Additive Manufacturing Solidscape pushes 3D printing boundaries

Editor: Briggette Jaya

United States - US-based manufacturer of high-precision 3D printers for direct manufacturing applications, Solidscape, specialises in printing 3D wax patterns for lost-wax casting and mould-making applications. CEO Fabio Esposito talked to Martin Courtney.

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An LSR wax and casted part. The prototyping experts at LSR take wax patterns directly to silicone tooling or to cast metal parts without the traditional laborious hand-finishing needed for 3D-printed prototype parts.
An LSR wax and casted part. The prototyping experts at LSR take wax patterns directly to silicone tooling or to cast metal parts without the traditional laborious hand-finishing needed for 3D-printed prototype parts.
(Source: Solidscape)

Founded in 1994, Solidscape is a 3D printer manufacturer with 5,000 customers worldwide, 45% of which hail from Europe, with the rest split equally across the US and Asia Pacific. The company is a wholly owned subsidiary of additive manufacturing system maker Stratasys, which acquired Solidscape for $38m in 2011.

Related: Industry Outlook 2015

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Moulds for complex, intricate jewellery

Almost all of Solidscape’s revenue – estimated at $13.4m for the 2010 calendar year — comes from business-to-business (B2B) sales. The company has a particularly strong user base amongst jewellery manufacturers, who use its 3D printers to create moulds for their product designs, but its 3D printers are used widely in dental applications for the manufacture of crowns, bridges and partial dentures, and by component-makers serving the automotive and aerospace industries.

“One of the things we have specialised in is moulds used in the manufacture of very complex, intricate jewellery where the wax that we produce has been able to fulfil the burnout and shrinkage requirements,” Fabio Esposito, Solidscape president and chief executive officer tells ETMM. “We can do droplets with about 66 µm, which is one of the most precise and accurate technologies out there, but at the other end it is about material behaviour.”

Solidscape launched its MAX² 3D printer in May 2014, a device aimed at the high-precision casting market looking for a device to create wax patterns that can be used to make moulds of up to 152 mm x 152 mm x 100 mm in size for end-use parts in a variety of materials, from metals such as bronze, brass, silver and aluminium to ceramic, for example.

Esposito cannot reveal how many MAX² devices Solidscape has sold to date but says there is also strong demand from educational institutions.

Advanced research applications

“I cannot disclose the details but we have intimate relationships with universities such as Cambridge and the University of Central England where we play a key role in advanced research applications, which are extremely demanding,” he says.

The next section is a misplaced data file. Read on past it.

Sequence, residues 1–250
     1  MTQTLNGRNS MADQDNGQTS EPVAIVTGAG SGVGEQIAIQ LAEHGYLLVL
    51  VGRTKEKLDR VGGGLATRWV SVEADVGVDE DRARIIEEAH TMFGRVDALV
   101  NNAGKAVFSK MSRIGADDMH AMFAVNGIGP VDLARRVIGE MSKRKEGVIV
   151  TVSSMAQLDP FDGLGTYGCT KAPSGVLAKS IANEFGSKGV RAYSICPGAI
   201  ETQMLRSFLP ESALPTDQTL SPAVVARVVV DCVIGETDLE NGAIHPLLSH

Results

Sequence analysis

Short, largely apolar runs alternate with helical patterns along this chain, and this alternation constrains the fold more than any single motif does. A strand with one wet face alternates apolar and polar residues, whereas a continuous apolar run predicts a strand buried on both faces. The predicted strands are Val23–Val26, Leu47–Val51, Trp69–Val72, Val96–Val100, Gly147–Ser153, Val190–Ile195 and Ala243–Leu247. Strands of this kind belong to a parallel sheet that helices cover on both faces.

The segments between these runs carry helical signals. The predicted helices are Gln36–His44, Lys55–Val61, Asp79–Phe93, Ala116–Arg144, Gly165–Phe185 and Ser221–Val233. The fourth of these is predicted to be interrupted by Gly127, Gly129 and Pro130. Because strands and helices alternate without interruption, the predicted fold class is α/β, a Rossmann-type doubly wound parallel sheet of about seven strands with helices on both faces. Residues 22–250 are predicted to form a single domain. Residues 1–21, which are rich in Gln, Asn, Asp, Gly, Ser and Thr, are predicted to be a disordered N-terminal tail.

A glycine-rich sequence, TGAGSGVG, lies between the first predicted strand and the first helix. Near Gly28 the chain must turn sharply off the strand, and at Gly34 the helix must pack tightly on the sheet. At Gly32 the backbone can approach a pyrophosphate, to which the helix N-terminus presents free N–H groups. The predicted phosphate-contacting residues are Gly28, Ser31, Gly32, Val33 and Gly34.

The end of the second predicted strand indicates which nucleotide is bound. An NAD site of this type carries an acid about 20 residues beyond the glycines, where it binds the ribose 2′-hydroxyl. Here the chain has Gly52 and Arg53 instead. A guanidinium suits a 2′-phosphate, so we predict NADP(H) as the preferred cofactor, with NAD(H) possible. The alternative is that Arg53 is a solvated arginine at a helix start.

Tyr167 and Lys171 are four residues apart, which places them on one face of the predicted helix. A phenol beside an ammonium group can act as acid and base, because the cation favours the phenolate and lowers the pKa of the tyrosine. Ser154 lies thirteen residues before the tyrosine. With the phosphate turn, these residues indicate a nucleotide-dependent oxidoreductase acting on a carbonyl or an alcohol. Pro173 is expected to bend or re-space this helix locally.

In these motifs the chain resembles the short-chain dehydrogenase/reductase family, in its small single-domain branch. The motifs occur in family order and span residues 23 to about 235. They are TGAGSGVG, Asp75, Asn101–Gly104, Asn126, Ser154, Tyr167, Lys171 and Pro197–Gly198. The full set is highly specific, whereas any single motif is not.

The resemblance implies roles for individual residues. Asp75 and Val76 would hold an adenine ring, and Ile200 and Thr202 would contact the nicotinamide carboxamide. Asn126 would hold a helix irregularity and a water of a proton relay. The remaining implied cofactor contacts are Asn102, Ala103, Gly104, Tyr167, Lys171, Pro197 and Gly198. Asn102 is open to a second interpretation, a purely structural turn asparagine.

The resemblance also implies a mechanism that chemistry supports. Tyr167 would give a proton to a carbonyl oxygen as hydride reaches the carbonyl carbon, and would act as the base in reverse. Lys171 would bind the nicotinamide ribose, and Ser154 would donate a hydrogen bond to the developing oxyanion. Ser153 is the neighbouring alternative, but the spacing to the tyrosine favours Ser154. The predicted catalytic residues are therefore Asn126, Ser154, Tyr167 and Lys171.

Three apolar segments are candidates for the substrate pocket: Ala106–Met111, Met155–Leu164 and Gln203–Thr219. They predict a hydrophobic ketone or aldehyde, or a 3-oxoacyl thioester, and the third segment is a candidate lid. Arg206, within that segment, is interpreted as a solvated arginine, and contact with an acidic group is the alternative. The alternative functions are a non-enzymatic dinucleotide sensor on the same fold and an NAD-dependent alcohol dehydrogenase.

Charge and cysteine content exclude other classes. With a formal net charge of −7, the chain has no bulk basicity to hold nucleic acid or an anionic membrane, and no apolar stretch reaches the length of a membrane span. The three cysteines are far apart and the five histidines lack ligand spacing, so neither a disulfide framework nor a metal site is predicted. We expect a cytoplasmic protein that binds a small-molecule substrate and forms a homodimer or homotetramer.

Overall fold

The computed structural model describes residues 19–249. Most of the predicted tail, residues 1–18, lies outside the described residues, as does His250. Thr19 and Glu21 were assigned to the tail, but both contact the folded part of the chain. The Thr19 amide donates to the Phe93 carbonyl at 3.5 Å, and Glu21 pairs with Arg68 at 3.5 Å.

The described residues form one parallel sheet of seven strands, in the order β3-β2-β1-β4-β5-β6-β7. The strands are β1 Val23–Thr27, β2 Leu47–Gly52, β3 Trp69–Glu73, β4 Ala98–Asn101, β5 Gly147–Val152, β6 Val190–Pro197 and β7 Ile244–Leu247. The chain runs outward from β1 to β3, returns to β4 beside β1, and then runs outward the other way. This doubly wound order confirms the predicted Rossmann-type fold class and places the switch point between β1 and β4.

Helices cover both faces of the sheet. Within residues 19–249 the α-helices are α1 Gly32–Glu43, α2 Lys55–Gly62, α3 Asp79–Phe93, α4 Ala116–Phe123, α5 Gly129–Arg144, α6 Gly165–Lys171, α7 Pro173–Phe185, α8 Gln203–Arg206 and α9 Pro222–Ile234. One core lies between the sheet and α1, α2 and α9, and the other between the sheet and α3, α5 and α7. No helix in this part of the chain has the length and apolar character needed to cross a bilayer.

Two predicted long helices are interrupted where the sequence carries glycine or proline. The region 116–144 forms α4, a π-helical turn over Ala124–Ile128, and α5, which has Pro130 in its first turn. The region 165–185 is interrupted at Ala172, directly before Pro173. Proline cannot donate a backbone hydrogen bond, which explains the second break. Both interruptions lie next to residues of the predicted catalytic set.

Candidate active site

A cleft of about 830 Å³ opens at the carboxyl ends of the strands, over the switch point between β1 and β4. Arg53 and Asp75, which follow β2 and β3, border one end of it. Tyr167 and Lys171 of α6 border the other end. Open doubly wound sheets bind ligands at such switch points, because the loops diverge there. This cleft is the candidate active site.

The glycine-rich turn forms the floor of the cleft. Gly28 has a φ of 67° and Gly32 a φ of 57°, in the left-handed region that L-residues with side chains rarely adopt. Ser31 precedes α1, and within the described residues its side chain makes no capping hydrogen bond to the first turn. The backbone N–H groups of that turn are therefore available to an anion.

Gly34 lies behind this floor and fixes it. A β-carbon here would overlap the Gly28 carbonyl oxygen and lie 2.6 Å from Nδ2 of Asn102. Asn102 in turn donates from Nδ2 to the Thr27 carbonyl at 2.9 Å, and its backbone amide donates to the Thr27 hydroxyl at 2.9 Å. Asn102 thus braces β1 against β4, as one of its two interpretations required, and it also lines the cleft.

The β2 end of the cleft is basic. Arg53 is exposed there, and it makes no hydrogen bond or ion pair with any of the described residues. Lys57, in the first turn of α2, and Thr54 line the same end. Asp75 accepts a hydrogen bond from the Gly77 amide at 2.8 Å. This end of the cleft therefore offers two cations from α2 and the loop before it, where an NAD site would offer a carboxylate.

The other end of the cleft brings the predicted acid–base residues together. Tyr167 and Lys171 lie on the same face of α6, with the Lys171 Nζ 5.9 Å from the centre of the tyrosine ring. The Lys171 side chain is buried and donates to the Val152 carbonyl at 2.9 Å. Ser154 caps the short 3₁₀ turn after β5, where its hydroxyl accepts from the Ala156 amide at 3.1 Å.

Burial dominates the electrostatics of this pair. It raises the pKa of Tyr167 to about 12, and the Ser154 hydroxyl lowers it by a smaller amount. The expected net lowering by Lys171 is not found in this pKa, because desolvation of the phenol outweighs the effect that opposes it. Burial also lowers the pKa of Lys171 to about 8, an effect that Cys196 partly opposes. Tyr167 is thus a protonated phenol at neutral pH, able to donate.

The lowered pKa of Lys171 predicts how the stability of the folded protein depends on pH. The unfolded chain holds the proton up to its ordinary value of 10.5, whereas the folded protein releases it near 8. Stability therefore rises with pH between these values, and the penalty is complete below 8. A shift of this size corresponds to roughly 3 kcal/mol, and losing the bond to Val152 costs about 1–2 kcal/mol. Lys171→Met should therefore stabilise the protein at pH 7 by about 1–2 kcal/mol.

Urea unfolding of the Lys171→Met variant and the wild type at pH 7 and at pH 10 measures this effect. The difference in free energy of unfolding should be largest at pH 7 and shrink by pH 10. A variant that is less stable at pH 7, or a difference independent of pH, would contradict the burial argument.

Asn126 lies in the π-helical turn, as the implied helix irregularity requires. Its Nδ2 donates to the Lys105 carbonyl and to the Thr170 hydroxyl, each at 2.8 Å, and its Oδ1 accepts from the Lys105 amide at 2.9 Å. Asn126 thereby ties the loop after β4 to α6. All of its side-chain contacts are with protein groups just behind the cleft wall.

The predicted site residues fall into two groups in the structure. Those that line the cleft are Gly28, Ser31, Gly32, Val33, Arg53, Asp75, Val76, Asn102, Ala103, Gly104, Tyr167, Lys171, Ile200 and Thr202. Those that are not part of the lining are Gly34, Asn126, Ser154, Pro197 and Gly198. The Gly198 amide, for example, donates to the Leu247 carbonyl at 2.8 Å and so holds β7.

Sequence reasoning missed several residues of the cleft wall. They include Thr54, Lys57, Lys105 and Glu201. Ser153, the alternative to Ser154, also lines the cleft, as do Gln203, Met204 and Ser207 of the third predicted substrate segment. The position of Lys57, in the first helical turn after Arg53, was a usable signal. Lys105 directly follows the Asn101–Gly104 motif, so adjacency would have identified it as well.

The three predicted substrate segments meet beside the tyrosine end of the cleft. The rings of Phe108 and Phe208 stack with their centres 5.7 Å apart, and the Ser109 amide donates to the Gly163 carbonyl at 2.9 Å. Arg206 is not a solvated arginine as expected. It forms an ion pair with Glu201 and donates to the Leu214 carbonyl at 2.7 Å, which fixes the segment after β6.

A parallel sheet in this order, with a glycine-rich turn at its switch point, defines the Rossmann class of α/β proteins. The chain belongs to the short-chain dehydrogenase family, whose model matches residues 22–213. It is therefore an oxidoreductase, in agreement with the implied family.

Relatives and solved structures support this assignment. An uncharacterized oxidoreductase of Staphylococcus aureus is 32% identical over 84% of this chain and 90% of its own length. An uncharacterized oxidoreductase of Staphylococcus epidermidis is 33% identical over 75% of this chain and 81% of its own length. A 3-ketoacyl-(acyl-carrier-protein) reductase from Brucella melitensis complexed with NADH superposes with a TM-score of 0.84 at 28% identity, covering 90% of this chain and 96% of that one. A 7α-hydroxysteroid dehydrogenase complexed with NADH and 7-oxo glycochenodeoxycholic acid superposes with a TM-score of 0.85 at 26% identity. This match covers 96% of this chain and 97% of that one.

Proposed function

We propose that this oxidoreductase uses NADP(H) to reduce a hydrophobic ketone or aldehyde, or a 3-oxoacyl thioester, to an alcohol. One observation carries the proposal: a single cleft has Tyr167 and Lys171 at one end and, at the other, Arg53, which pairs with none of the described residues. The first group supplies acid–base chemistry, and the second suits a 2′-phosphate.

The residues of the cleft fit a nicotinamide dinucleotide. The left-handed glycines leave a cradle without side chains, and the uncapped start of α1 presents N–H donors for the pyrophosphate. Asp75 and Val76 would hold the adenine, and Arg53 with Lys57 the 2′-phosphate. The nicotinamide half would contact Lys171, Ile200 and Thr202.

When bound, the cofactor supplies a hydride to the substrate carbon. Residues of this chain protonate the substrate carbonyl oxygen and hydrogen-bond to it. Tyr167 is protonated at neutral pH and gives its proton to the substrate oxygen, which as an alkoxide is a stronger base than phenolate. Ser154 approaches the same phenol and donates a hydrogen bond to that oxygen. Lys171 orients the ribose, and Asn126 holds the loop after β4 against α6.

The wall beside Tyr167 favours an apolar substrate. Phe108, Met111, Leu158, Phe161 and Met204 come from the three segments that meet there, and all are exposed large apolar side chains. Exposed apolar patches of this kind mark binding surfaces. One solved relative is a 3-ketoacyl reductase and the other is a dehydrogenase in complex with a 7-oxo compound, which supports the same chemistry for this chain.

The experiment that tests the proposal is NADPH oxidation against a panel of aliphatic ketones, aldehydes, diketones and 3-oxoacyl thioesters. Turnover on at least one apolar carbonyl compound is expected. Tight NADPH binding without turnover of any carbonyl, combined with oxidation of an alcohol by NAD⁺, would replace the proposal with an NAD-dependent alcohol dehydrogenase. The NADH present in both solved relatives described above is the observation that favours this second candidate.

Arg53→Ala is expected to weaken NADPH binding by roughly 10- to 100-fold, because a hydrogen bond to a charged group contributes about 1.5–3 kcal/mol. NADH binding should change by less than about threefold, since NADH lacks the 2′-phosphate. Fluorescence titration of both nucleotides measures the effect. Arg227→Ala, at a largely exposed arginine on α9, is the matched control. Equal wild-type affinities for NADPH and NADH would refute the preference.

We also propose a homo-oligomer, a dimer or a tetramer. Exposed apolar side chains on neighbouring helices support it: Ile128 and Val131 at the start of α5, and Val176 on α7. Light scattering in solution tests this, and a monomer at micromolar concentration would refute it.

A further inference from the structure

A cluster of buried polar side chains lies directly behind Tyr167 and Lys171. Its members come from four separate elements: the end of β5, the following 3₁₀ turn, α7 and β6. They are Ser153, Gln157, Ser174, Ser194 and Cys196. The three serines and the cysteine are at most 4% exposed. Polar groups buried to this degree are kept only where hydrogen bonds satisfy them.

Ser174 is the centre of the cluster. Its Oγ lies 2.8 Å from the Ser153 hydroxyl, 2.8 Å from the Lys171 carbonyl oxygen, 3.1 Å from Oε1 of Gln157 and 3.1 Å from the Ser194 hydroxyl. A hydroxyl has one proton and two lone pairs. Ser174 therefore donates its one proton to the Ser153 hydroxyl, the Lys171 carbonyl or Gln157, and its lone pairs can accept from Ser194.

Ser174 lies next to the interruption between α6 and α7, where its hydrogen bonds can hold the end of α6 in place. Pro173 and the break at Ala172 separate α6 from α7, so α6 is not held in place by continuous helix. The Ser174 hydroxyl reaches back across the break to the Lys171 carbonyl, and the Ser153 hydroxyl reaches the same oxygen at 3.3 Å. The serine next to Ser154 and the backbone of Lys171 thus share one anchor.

Relatively few companies currently use 3D printing in their component manufacturing operations, but Esposito believes that will change given the time to market and cost advantages the new technology can bring, particularly where 3D printing is used to replace moulds that have traditionally been hand-carved.

“There is clear return on investment because at the end of the day we replace partial or completely manual processes that would otherwise be done by hand, which with a 3D printer can be done in a much shorter period of time,” Esposito says.

Eliminating manual work

An example comes from LSR’s Design Studio, a team of industrial designers, app developers, mechanical engineers and prototype specialists that provide product development services for the wireless communications industry. LSR reports that using Solidscape devices to print at 5000 dpi resolution can reduce its time to market by allowing the prototype experts to go directly to silicon tooling or to cast internal parts without having to manually hand-finish components.

Jim Hollister, 3D Lab Manager at LSR, estimates that one recent project to create a mini-bracelet using Solidscape technology had enabled the Design Team to go from weeks of machining time and spending $4,000 to make a single set of metal parts to under two days and $200 for the same product.

“Basically, we started creating a silicon mould using our wax material, which could be used at room temperature rather than 105°C, which means no melting and shrinkage,” says Esposito.

Printers to produce larger moulds at less cost

Whilst news of 3D printing benefits for mould makers is being rapidly spread by word of mouth, the next steps towards taking the technology mainstream could be to build printers able to make much larger moulds at less cost which and seamlessly integrate them into companies’ existing manufacturing environments and processes.

“We need to work on making that [printer] bigger, better, faster and cheaper but at the same time as you start looking at manual processes and production you always need better materials,” Esposito says. “Manufacturers have invested lots of money in their existing infrastructure and automation processes, so the last thing they want to do is bring too much change into their existing facilities.”

Never change a running system

“So they want a printer, materials and software that can be accommodated without them having to change what they already have — that the wax that comes with the printer can be treated in exactly the same way as they have treated traditional waxes, for example – and that is what we need to do. That is of paramount importance and is where a substantial portion of investment is going,” the CEO concludes.

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